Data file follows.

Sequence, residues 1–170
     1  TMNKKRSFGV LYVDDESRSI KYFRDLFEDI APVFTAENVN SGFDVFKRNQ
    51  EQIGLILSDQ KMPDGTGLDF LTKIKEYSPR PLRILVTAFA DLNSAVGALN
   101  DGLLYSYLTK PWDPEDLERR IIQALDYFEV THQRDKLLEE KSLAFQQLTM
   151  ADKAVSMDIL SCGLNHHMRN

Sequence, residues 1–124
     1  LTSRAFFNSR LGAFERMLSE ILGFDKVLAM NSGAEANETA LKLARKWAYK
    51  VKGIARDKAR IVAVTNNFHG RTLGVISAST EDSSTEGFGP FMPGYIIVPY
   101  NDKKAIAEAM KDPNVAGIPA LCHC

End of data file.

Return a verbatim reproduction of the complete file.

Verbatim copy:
Sequence, residues 1–170
     1  TMNKKRSFGV LYVDDESRSI KYFRDLFEDI APVFTAENVN SGFDVFKRNQ
    51  EQIGLILSDQ KMPDGTGLDF LTKIKEYSPR PLRILVTAFA DLNSAVGALN
   101  DGLLYSYLTK PWDPEDLERR IIQALDYFEV THQRDKLLEE KSLAFQQLTM
   151  ADKAVSMDIL SCGLNHHMRN

Sequence, residues 1–124
     1  LTSRAFFNSR LGAFERMLSE ILGFDKVLAM NSGAEANETA LKLARKWAYK
    51  VKGIARDKAR IVAVTNNFHG RTLGVISAST EDSSTEGFGP FMPGYIIVPY
   101  NDKKAIAEAM KDPNVAGIPA LCHC